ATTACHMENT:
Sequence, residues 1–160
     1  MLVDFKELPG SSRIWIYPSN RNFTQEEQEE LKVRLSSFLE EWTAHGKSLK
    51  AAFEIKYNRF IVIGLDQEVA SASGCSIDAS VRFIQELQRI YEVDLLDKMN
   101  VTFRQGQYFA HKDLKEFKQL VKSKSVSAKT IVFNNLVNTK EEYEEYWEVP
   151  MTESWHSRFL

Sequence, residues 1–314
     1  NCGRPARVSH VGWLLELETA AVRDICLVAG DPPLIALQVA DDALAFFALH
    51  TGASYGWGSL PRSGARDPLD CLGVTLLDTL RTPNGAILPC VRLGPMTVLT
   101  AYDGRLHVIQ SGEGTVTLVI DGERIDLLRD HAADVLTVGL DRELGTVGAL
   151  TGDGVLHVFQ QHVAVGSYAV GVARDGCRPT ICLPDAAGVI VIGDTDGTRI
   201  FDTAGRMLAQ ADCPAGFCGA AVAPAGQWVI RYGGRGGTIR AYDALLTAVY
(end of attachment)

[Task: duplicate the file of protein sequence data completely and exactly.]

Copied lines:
Sequence, residues 1–160
     1  MLVDFKELPG SSRIWIYPSN RNFTQEEQEE LKVRLSSFLE EWTAHGKSLK
    51  AAFEIKYNRF IVIGLDQEVA SASGCSIDAS VRFIQELQRI YEVDLLDKMN
   101  VTFRQGQYFA HKDLKEFKQL VKSKSVSAKT IVFNNLVNTK EEYEEYWEVP
   151  MTESWHSRFL

Sequence, residues 1–314
     1  NCGRPARVSH VGWLLELETA AVRDICLVAG DPPLIALQVA DDALAFFALH
    51  TGASYGWGSL PRSGARDPLD CLGVTLLDTL RTPNGAILPC VRLGPMTVLT
   101  AYDGRLHVIQ SGEGTVTLVI DGERIDLLRD HAADVLTVGL DRELGTVGAL
   151  TGDGVLHVFQ QHVAVGSYAV GVARDGCRPT ICLPDAAGVI VIGDTDGTRI
   201  FDTAGRMLAQ ADCPAGFCGA AVAPAGQWVI RYGGRGGTIR AYDALLTAVY